From the Study: The Need
- Wednesday, June 16, 2004
So much revolves around it; our deepest needs, our frustrated desires. It shapes so much of who we are, or who we want to become; where we go to church, who we marry, what we do with our vocational lives, even what cars and clothes that we buy. It can shape what is best in our lives, but also, unfortunately, it can also be the cause of what is worst.
If you look deeply enough, it is beneath all our addictions. We take drugs to numb the pain of its absence. Sadly, we eventually discover that it is the source of a wound so deep that its pain cannot be numbed, only perhaps offered up or entered into like a hidden holy of holies. We obsess with all our sexual issues in an attempt to somehow satisfy it. Lamentably, we discover our need for physical intimacy is only a shadow of its larger absence in our souls and that even the most loving experience leaves an unspoken disappointment that we have yet to receive what our hearts need the most.
I am talking about something that will seem so deceptively simple that when I finally name it (and I've put off naming it as long as I can) I fear you'll say to yourself, "Of course I know what he's talking about." But you don't know what I'm talking about. You know certainly the pain. You may or may not be able to articulate its effect on the deepest part of your soul. But you and I don't know, cannot fully know, because the resolution to what I've been talking about has yet to break fully into the world.
The need is simply this: To be known. Though you may not know it, if you are married, this is the reason why. At some point you hoped you had found that one other person in the entire world who would "get" you, who would seek and find you, who would discover the richness of who you really are. Gloriously, flashes of moments of being discovered and known occur by grace, do they not?
But our fragile fallenness drives us away from each other sooner or later, and we experience an aloneness we could have never thought was possible before. To have come so excruciatingly close to what would indeed have satisfied our souls only to sense it receding into the shadows. This is perhaps the greatest pain of marriage. When we are left alone once more with only the aching hunger of the need to be known.
Though it might seem a slender connection at first, if you have ever struggled with an addiction, the heart of the pain you were trying to anesthetize is located, for the most part, in the need to be known. Drugs and alcohol numb the pain. Sexual addiction distracts our attention for an instant.
But the source of the ache never leaves us and that is the primary reason addiction presents so difficult a struggle. We cannot ultimately cover up the fallen world we inhabit and that inhabits us.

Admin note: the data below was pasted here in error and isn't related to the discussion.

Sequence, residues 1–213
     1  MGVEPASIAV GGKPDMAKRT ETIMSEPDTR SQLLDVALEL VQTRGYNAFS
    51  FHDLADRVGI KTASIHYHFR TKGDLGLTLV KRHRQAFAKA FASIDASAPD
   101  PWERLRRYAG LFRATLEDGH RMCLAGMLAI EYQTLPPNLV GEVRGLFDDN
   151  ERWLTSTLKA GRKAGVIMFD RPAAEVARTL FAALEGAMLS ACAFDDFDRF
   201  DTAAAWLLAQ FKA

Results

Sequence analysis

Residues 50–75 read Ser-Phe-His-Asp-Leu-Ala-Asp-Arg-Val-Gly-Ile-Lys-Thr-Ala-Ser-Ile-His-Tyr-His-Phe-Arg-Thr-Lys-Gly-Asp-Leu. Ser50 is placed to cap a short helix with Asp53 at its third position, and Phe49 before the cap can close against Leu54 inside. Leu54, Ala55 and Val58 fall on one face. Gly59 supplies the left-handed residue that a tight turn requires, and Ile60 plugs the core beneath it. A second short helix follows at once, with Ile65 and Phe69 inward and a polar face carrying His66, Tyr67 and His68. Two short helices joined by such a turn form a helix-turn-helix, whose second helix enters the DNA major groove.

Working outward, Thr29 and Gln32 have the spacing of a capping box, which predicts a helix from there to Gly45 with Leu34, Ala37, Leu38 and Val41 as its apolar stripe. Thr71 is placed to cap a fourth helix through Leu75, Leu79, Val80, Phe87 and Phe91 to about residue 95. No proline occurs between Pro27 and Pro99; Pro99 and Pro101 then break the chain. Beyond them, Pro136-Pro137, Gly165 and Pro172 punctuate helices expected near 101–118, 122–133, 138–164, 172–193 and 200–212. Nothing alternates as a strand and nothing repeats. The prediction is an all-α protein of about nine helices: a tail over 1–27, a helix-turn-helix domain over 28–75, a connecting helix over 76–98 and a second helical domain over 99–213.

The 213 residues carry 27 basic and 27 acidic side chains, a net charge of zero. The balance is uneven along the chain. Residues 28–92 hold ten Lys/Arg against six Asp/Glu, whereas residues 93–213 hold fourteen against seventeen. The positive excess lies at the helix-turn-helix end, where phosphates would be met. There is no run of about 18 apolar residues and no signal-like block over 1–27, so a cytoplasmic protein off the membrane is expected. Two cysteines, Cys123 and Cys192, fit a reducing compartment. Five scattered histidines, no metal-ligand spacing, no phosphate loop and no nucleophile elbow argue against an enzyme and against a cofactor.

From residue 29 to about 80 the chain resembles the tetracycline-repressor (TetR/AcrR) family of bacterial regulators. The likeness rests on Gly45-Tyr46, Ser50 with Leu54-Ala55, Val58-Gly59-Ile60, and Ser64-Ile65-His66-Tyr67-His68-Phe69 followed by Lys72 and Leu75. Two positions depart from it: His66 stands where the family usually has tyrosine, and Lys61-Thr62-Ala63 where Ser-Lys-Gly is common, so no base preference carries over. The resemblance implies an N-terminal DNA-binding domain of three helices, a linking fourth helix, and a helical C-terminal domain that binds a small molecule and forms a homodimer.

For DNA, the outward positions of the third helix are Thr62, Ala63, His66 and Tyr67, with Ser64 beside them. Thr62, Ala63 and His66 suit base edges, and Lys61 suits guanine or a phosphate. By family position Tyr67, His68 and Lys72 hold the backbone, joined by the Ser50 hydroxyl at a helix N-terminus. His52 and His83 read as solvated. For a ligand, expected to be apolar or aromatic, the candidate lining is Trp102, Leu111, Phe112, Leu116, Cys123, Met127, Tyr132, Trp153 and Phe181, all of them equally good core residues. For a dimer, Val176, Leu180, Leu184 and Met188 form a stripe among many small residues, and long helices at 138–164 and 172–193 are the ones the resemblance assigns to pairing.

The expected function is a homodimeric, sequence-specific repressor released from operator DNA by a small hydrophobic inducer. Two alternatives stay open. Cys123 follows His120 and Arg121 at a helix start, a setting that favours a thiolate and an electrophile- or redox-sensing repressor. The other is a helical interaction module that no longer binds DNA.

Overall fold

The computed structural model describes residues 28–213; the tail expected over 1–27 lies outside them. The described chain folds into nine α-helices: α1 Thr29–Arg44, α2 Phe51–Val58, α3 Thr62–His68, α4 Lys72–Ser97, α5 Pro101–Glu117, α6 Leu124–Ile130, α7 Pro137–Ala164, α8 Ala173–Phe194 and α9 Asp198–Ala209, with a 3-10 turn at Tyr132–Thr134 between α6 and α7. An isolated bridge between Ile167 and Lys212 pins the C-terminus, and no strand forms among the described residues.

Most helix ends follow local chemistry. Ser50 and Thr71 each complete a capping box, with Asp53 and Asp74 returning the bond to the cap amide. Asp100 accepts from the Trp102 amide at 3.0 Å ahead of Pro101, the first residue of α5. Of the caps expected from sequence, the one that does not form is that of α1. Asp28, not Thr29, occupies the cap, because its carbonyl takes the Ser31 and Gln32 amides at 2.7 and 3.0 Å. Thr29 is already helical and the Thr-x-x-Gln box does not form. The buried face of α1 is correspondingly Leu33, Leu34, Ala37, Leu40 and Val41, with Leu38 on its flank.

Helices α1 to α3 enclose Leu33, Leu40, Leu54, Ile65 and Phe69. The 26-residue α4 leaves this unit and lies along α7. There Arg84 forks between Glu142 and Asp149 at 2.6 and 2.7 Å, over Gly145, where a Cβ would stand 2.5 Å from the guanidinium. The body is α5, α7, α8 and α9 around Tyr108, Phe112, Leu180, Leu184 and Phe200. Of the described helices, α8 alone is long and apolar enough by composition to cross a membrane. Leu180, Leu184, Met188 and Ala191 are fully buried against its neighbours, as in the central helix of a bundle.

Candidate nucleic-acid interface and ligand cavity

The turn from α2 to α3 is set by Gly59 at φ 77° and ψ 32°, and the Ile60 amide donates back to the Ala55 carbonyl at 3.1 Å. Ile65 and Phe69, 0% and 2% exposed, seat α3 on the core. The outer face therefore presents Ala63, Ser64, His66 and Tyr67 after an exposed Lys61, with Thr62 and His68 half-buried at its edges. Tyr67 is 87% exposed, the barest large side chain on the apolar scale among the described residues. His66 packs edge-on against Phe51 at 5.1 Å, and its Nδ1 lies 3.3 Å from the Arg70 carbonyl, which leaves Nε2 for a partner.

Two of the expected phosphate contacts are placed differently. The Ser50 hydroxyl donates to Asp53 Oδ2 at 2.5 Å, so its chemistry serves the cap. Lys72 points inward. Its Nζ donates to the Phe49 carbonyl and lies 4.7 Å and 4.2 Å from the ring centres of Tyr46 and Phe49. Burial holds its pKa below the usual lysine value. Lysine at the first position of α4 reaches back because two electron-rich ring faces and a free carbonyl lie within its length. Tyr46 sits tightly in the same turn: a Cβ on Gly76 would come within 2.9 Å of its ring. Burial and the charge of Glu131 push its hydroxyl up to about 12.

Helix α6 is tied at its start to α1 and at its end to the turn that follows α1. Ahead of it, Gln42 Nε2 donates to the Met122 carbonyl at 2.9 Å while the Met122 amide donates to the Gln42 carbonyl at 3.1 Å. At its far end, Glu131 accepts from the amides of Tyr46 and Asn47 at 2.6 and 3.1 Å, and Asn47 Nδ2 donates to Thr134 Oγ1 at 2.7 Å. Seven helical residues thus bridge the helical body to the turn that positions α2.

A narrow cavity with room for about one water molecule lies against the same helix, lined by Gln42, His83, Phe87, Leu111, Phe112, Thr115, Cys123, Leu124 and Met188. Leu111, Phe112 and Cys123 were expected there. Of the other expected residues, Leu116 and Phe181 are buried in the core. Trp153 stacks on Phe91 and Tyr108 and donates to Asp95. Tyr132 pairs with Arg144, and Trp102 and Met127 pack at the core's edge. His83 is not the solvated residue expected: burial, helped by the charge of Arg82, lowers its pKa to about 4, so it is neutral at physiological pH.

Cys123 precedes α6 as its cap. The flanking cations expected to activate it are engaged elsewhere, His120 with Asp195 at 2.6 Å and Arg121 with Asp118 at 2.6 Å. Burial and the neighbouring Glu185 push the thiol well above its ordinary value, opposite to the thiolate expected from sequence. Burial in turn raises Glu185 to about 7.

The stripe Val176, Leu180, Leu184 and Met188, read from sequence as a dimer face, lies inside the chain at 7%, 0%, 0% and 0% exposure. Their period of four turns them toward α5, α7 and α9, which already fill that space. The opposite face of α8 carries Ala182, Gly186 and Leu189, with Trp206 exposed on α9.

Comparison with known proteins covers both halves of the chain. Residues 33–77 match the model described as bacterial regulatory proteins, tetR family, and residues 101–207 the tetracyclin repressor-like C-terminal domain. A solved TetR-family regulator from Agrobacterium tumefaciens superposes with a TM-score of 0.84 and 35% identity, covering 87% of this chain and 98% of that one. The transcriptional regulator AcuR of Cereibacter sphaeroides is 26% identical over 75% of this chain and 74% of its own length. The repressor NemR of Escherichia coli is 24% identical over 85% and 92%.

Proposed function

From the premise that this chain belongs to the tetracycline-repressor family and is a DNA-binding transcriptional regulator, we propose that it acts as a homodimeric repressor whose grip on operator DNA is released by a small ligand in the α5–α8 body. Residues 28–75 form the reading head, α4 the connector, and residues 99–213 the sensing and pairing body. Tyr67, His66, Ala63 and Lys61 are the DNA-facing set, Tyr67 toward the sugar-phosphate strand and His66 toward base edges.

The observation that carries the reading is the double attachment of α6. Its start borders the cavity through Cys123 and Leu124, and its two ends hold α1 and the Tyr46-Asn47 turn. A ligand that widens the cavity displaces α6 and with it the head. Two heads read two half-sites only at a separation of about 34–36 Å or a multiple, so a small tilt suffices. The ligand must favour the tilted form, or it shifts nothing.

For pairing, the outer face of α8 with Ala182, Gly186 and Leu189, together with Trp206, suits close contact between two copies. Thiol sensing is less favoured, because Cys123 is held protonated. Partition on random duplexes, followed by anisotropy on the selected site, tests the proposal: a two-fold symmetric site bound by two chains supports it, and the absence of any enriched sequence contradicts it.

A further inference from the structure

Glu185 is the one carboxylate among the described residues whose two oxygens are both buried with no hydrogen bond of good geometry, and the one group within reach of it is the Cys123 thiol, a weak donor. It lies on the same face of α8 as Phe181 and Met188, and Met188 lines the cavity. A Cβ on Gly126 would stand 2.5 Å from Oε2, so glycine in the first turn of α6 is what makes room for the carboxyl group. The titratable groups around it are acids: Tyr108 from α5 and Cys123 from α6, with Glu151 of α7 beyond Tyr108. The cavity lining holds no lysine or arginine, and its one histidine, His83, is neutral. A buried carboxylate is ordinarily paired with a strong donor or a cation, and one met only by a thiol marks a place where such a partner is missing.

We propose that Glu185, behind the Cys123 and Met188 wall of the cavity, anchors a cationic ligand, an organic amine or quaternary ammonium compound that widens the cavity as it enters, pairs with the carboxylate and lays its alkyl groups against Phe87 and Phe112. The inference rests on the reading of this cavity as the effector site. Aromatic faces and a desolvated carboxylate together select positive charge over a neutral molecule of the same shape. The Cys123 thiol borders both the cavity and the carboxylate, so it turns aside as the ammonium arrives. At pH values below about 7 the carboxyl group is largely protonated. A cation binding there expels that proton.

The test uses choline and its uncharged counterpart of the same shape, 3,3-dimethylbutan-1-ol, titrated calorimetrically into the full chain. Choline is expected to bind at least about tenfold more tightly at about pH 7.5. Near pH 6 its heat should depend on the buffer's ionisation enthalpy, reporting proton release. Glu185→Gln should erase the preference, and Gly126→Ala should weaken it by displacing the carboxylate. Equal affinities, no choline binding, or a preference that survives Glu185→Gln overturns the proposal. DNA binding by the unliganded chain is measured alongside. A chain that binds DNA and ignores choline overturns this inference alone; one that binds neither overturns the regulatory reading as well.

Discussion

We not were created to live like this, though God did build into our essential image this need to be known. Before the Fall, Adam and Eve lived in the immediate presence of the God who perfectly knew them both. This innate desire would have been perfectly satisfied by that unbroken Presence. But the Fall tragically occurred and the both of them, along with you and me, were forced out from the Presence and left with a hunger of It that will never go away.
It was then that mankind began the endless string of sad laments which always contained somewhere an idea like; "Why do You hide Your face?" or perhaps, "Look upon me again, O Lord," or simply, "Where are You?" The psalmist put into words for us this lamentable loneliness that is both the source of so much pain and at the same time the reason for our greatest hope.
We were made for God, and so we ache deep inside for Him. All our other emotional aches are connected to this primordial emptiness by slender threads of nameless sorrows. Nothing else will ever, could ever possibly satisfy this deep need.
"He has also set eternity in the hearts of men..." says Solomon. (Eccl. 3:11) This eternal vacuum is the holy place God created in us to inhabit. You were born with it. You can never escape it. You and I cried out in the delivery room when our eyes first squinted through the bright hospital lights, and we will, each of us, end life with a sigh or perhaps a groan that will echo this same struggle. The source of our greatest pain but, in the same instant, our greatest reason to hope.
"Now we see but a poor reflection as in a mirror; then we shall see face to face. Now I know in part; then I shall know fully, even as I am fully known." Cor. 13:12
That death bed sigh will not be our final word. If we have come to know Him, who all mankind aches to know, the eyes that close in death will open to Life. In that resurrection instant, which Jesus refers to as "waking up," we will find ourselves in the presence of the One who, though we did not feel it, had known us all along. "Even as I am fully known," says Paul. In it not as if we will be ushered into His presence to give God a chance to somehow get to know us. He has known us from the beginning.
The world's fallenness and ours have placed a wall between us and an awareness of His knowing, but nevertheless we are, you are, I am, in the sacrament of this present moment known. When the lie of aloneness whispers itself to you, answer back, "I am known." When the temptation to numb or distract yourself from the untruth of isolation, assert you faith by responding, "Never will He leave me, never will He forsake me."
From the Study is a monthly syndicated column by Michael Card. For more information about Michael Card, please visit www.michaelcard.com.
Recently on Spiritual Life
Have something to say about this article? Leave your comment via Facebook below!
Listen to Your Favorite Pastors
Add Crosswalk.com content to your siteBrowse available content